Since those early years, I have never doubted the existence of God, the validity of the Bible or the life of Christ. Instead I have swung the pendulum of embracing God’s grace and abusing God’s grace. I struggled with living a life pleasing to God since it’s simply difficult to live such a life without being in a bubble. For many believers who are driven, submitting your will to God is a constant struggle. I do know when I was most comfortable in life and ignoring God, or at my most sinful and ignoring God that he was always with me. During my many drunken nights, most arrogant days and selfish moments, I knew the fact that God was always with me. I am not reveling in my sin, but just explaining that it wasn’t any feeling more so than the little knowledge I had of who God was that always brought me back to God.
“Jesus Christ insists that the whole trouble with people of little faith is they do not think. They allow circumstances to bludgeon them. They allow their feelings to collar them. The Bible is full of reasoning. We must never think of faith as something purely mystical. Faith progresses through thinking, Jesus tells us. Look at the birds. Think about them. Draw your deductions. Look at the flowers. Do the same.
This is the essence of worry. Instead of letting reason control your thoughts, other things have controlled them and you go round and round in circles. That is not thinking. Worry is the absence of thinking. Unbelief is the absence of thinking. And for a Christian a lack of faith is a failure to think." - Dr. David Martyn-Lloyd Jones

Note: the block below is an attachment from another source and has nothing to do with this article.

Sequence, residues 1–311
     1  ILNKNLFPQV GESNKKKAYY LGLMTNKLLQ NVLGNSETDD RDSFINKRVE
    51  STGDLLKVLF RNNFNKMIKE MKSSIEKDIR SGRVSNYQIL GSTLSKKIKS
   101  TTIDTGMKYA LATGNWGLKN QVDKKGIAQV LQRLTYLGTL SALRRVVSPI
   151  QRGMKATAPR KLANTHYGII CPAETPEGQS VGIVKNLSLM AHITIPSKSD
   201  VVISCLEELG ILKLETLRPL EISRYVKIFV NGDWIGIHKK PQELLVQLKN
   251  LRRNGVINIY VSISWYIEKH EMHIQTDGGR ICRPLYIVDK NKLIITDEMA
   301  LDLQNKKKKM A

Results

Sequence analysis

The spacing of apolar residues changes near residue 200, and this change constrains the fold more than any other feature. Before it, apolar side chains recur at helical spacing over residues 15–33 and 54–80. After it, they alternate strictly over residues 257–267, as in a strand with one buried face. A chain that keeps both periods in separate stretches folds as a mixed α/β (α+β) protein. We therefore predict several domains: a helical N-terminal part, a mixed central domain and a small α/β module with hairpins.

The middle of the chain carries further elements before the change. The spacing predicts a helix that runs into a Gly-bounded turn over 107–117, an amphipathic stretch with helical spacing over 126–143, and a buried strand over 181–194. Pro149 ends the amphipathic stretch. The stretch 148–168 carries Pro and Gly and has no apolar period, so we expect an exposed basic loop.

Which is why I believe whether early in a person’s faith or midstream, he or she needs to face doubts and questions about why they believe and how do they really know that God is real. I know of too many stories not just young believers but young leaders from churches who renounce their faith after simple challenges to their faith, such as reading a book by Sam Harris, one drunken night or sexual escapade.
The certainty of God and my faith has only increased with time, and it’s not because I’ve drunk more of the Kool-aid or become more isolated from the world. It’s actually been the opposite. One example is that the Bible’s validity has increased over my lifetime and its lifetime. When the Nabonidus Chronicle, an ancient Babylonian text, was discovered in 1879, it verified the existence of Beltshazzar, the King of Babylon from the Book of Daniel. Prior to this discovery, some people doubted the existence of such a King and even the validity of Daniel and his accounts. It’s not just one example -- there are dozens and dozens of examples where the Bible has stood up to the challenges of skeptics and was eventually validated by archeological finds over the past couple hundred years.
I believe there is a reasonable explanation as to why a fair number of world-class physicists come to believe in God. From Sir Isaac Newton to Cambridge’s John Polkinghorne to Princeton’s Freeman Dyson and many others, studying the creation of the universe led them to an inevitable truth of an ultimate creator.
“God, like a master builder, has laid the foundation of the world according to law and order... God wanted us to recognize those laws by creating us after his image so that we could share in his own thoughts.” - Johannes Kepler (1571-1630)
So why isn’t a church safe place for youth or anyone else to express doubts? What is lacking in the culture or organization of churches to embrace such questions and critical thinking? I remember when I, or others I knew, would ask questions and a common response was, “Well, sometimes we have to have faith like a child.” I hated that response especially since I knew by then that God was not dumb and does not revel in ignorance.